THERE’S A FIGHT LOOMING. No, not with National – they’ll be licking their wounds for years. Not with Act, either. Their numbers will gradually decline as National’s slowly recover. And the looming fight certainly won’t be with the Greens. They have some very serious soul-searching to do out there in the political wilderness where the voters are poised to send them. Like all prophets, they will be required to wrestle with the Devil in lonely places, defeat him, or never be heard from again. No, the fight that’s looming will be where it always is when the future of New Zealand is being decided – in the Labour Party.
Now some on the Left may be anticipating a renewal of the fight that was brought to an abrupt end by David Cunliffe’s catastrophic performance in the general election of 2014. The election (by the slimmest of margins) of Andrew Little to Labour’s leadership was a vote, by what remained of Labour’s left, for what David Lange called “a cuppa” – a pause in the ongoing hostilities during which the wounded could be attended to and the dead decently buried. It was a long truce, during which nothing much happened either ideologically or practically. Under Little, a grey fog descended upon Labour. A poll-depressing pall which was only lifted by the sudden rise of Jacinda’s glorious sun.
If, as seems increasingly likely, that same brilliant Jacinda leads Labour to an absolute electoral victory on 17 October, all thought of some sort of factional renaissance should be dismissed out of hand. For the foreseeable future, what Jacinda wants, Jacinda is likely to get. Which means that the fight, at least initially, will be for the Prime Minister’s ear. Ground-breaking policies will be proposed. Bright futures sketched-out confidently on paper serviettes. Historic opportunities grandly explained. Only then will the real fight finally begin – the fight between Jacinda’s heart and Jacinda’s mind.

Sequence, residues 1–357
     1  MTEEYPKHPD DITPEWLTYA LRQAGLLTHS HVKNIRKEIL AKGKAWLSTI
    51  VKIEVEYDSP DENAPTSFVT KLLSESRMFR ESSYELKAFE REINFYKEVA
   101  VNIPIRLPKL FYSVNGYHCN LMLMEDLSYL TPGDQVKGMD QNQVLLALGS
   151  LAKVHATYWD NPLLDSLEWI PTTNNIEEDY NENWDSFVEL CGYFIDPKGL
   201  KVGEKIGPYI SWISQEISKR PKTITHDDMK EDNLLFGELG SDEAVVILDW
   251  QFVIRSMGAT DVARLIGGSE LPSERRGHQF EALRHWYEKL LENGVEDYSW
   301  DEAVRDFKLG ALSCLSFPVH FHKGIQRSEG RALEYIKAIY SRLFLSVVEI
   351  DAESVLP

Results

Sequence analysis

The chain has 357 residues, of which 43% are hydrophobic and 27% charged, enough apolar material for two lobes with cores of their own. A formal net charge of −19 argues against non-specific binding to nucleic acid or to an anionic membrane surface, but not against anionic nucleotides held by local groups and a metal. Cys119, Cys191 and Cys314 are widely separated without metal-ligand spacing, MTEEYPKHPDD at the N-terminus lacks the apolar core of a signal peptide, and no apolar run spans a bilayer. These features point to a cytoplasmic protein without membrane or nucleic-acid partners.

Shortly after ascending to Labour’s leadership, Jacinda described herself as a “pragmatic idealist”. It was an inspired oxymoron – packing into just two words the essence of the social-democrat’s dilemma. It was good to know that she knew what lay ahead of her. That as undisputed leader of the centre-left, she would herself become the battlefield upon which these contradictory impulses: her idealism and her pragmatism; would engage one another.
The coalition with NZ First and her understanding with the Greens spared the prime Minister the worst of it. For the past three years jacinda has been able to make out a plausible case for her idealism having little choice but to reach a series of pragmatic accommodations with “Mr Peters” innate conservatism. It was a good line, because it allowed her followers to believe that Jacinda’s idealism remained unbeaten and unbowed. That, given a chance, her bright blade would flash in the sunlight and the forces of inertia and indifference would be laid low beneath its righteous fury. Jacinda’s pragmatism, it seemed, was all about making sure that, when the moment came, her idealism would be ready.